Category Archives: Gas

Oil Subsidies

Something most people don’t focus on when it comes to our high gas prices, is the role of fuel subsidies. I’m not talking about in the US but in China and India. These countries, along with many oil producing countries, subsidies the price of oil. This creates an artificially higher demand than actual supply would naturally allow if they were to float these commodities naturally as is done in most modern countries.

The simple solution is to have these countries stop and allow the price to settle in at a natural supply and demand point. Oil I am sure would fall as most Chinese and Indian’s, and Russians or Venezuelans, cannot afford to pay $4 a gallon and would fall out of the oil market all together. This would mean the artificially high demand would go away.

The problem is, these countries will not do this without some substantial pressure from the outside and I do not think the will by Europe and the US is there to create such pressures. Beyond that, the other options do very little to curb this artificial demand. You can impose surcharges on imported goods or some other measure but they would do very little in the long run.

The only way to move away from this is to create more choice in fuel options. When you have competition, quality improves. If I were in charge of the government, I would be giving tax breaks and funding every alternative fuel source I can find. This will create more options and choices and as more people move away from oil to these other options, the demand on oil will go down and the need for it will as well. Those still dependent on it will find that prices will go down. Seems like a good solution, too bad no one in Washington can think up something so simple.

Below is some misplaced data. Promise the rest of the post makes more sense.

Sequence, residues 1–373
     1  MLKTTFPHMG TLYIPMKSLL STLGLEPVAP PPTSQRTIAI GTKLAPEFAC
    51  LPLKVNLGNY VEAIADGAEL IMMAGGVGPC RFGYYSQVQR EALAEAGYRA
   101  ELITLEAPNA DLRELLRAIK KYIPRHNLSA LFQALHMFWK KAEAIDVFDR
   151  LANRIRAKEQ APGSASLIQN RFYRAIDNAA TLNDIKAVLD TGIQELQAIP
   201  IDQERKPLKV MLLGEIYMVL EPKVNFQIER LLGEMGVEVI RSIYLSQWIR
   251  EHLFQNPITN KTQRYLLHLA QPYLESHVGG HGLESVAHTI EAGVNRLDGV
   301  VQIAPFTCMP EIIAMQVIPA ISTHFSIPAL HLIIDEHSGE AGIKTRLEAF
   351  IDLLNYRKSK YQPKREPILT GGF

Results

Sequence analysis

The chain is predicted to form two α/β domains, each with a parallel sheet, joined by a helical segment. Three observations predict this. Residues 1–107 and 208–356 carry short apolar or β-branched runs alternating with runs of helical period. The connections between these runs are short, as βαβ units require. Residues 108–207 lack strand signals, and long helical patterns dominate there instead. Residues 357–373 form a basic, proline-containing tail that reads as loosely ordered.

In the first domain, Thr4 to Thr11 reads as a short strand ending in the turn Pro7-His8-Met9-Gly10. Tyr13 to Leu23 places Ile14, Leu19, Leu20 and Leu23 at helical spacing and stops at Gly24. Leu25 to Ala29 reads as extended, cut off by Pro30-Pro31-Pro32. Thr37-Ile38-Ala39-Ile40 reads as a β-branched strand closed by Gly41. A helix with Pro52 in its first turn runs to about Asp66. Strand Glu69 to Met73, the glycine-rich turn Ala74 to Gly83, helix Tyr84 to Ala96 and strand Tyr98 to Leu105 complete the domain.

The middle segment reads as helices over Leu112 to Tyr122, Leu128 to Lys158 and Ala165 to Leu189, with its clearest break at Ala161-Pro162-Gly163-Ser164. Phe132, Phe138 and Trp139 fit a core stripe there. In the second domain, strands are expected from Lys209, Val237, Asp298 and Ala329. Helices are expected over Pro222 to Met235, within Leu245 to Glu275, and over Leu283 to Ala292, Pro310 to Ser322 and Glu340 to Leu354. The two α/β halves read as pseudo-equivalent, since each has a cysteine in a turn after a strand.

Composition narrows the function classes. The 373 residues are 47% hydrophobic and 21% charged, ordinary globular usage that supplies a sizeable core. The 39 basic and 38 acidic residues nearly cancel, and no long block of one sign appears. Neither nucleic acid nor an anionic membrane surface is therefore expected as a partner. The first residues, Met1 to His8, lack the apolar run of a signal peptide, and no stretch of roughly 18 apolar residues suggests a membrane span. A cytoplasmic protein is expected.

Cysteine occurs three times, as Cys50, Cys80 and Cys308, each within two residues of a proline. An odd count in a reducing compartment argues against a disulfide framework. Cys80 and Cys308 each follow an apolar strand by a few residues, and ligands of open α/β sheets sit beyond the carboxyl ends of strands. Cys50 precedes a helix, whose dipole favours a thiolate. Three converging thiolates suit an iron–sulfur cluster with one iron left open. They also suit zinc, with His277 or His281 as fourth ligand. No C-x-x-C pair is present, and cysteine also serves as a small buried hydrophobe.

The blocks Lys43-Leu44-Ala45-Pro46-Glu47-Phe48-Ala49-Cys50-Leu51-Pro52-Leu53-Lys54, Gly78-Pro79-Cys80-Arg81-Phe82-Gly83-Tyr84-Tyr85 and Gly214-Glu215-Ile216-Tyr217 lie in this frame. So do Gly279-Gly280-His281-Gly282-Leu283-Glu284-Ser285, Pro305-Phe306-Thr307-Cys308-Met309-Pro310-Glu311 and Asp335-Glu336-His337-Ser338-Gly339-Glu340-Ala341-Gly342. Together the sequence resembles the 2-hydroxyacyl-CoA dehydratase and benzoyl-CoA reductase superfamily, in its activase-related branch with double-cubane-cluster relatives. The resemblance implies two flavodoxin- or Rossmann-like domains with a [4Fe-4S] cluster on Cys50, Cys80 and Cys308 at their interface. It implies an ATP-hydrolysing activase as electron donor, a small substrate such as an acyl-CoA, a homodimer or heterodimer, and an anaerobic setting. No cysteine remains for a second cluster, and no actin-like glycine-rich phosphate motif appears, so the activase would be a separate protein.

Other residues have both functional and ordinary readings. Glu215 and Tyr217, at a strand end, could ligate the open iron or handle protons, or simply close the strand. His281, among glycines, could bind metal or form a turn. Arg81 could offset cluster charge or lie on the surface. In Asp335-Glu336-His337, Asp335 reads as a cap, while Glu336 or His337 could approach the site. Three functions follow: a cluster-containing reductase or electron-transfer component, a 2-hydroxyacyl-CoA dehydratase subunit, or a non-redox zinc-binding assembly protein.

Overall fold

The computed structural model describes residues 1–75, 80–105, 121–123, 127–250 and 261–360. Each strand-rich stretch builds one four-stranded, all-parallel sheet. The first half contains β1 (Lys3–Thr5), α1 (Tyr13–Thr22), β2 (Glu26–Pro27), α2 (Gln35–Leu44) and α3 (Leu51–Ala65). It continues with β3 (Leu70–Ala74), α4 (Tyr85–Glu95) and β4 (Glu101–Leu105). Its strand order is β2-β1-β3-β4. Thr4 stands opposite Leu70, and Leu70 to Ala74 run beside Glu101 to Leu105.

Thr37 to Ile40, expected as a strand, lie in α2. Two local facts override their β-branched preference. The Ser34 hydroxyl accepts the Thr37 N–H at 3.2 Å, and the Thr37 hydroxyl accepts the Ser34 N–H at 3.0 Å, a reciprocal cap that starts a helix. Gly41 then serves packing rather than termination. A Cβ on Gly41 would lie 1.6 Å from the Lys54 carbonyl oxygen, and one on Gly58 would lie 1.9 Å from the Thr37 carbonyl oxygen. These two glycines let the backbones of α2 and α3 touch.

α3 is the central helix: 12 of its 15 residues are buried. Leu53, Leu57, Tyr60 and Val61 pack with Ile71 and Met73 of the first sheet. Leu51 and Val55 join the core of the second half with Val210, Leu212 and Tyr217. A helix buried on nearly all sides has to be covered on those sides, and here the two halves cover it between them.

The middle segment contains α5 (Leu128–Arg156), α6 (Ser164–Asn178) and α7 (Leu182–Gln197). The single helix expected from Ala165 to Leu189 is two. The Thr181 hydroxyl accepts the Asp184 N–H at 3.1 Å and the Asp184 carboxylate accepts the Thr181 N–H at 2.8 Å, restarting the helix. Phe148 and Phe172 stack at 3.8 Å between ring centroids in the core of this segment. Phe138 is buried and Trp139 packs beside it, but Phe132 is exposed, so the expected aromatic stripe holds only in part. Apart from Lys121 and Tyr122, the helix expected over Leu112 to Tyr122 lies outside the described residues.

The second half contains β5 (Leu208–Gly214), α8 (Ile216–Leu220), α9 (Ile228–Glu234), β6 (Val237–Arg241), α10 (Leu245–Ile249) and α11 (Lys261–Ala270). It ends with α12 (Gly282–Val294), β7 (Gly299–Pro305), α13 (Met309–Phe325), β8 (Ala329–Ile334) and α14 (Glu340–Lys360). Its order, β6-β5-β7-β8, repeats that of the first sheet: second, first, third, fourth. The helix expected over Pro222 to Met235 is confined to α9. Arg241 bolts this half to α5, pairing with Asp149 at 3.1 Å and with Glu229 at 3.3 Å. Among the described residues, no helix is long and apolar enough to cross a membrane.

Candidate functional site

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Filed under Alternative Fuel, Business, Consumerism, Energy, Gas, Globalization, Renewable

New Hybrid Car

Volvo is working on a new hybrid called the ReCharge. Check out this link for the technical specs on it.

I think this is a great idea and it could get up to 160 mpg if they do this, the problem is, they won’t be ready for another 5 years. Most analysts on the sector give 18 months for automakers to switch to more fuel efficient cars. Volvo will be out of the loop in 5 years and late to the game. I would like to see them try to develop this car and launch it for the 2010 model year. The iron is hot, demand is high, I know I’d buy one; I think Volvo should reconsider their decision and launch this car as soon as possible.

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Filed under Alternative Fuel, Energy, Gas

What Happened to Global Warming?